I was 10 years old, and I did Latin dance and some waltz or something, and I came out of our practice room and saw the B-Boys practice in another room. There was something about them and the cool music, and I just fell in love. I started breaking one day later. I believe the date was November 18, 2007.
Do you train with men and women?
My sister also trains, and she actually came out to the Cypher. And yes, she’s little! I have two sisters, a middle one and a small one. The middle one is now 13, and the little one is seven. They were both very happy for me, even though the little one started crying at the end because everybody was hugging me and she couldn’t get to me. That was a very emotional moment for me, because I wanted to go hug her and then everybody came and wanted to take a photo with me.
That’s what happens when you’re famous.
Yes. But my family has always been there for me and they support me every time. They really help me.
Your family came out to The Notorious IBE once, right?
Yes, they totally loved it there.
So how does it feel to be the B-Girl champion?
Well, now I have more responsibility. I know that I have to work very hard and now it’s even harder than before. It’s admittedly fun, becoming famous and stuff, but then it becomes a responsibility and the work and everything else will be harder.
Why did you win that night?
Well, I was thinking about that. Maybe it’s because I’ve got a lot of tricks and I just went with them. Every set was always some tricks and then the freestyle, and I went with the music. Some things were very good on the music, and I think that’s why I won. I think it’s about the energy I gave as well.
“There is a beast [inside] that can kill the opponent, but on the outside I am smiling and positive. The beast gives me the energy to win, but the public sees it in a positive way. This is the way I battle. I don’t think you need to be mean.”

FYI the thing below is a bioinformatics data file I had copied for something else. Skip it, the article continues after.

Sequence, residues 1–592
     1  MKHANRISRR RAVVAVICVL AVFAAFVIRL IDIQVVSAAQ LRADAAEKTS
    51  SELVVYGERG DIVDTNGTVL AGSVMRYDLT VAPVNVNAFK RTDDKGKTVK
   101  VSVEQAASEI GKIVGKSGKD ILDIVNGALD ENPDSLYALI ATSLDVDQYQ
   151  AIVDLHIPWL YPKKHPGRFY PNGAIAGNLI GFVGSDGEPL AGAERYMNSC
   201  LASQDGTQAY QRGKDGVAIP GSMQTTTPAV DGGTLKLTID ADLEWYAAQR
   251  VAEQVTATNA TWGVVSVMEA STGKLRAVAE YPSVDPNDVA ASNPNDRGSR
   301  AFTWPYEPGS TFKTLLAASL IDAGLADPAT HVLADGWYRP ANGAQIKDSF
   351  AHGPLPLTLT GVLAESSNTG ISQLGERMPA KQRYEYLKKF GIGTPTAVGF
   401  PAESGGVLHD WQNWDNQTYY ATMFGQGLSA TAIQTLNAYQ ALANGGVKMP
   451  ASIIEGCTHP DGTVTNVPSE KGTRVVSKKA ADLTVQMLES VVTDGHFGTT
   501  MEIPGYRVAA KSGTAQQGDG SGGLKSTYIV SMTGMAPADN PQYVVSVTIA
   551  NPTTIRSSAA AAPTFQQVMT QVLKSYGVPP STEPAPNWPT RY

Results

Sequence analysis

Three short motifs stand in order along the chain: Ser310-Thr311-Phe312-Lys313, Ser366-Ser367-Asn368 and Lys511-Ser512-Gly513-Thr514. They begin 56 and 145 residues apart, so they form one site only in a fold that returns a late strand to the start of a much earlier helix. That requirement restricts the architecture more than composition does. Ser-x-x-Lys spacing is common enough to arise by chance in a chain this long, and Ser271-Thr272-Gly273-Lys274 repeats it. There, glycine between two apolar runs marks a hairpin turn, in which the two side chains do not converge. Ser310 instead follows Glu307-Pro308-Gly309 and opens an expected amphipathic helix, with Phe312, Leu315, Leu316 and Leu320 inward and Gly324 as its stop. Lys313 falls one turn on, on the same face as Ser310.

Yes, you gave incredible energy. Everybody could feel it, from your smiles to your power.
It’s a lot of work. How to explain it… well, the smile is very important because there is a public. All eyes are on you, including your opponent. So you are smiling, but you have this aggression on the inside. It’s that very anger that gives me my strength and energy. Nobody sees that I have this anger, because I’m always smiling. But the beast is just… inside me. There is a beast that can kill the opponent, but on the outside I am smiling and very positive. The beast gives me the energy to win, but the public sees it in a positive way. This is the way I battle. I don’t think you need to be mean.
So it’s a beauty and the beast type thing?
Yes, exactly: Beauty outside, beast inside.
So, do you have a tip for the B-Girls out there?
Never give up! There will always problems with the guys who can’t understand that nowadays women and men are equal. We are ready to compete with the B-Boys now. I hope my victory can motivate more girls and show them that we B-Girls can do it. So, go for it! And never give up!
Photos by Nika Kramer/ Red Bull Content Pool; Shot of Queen Mary at BOTY by Nika Kramer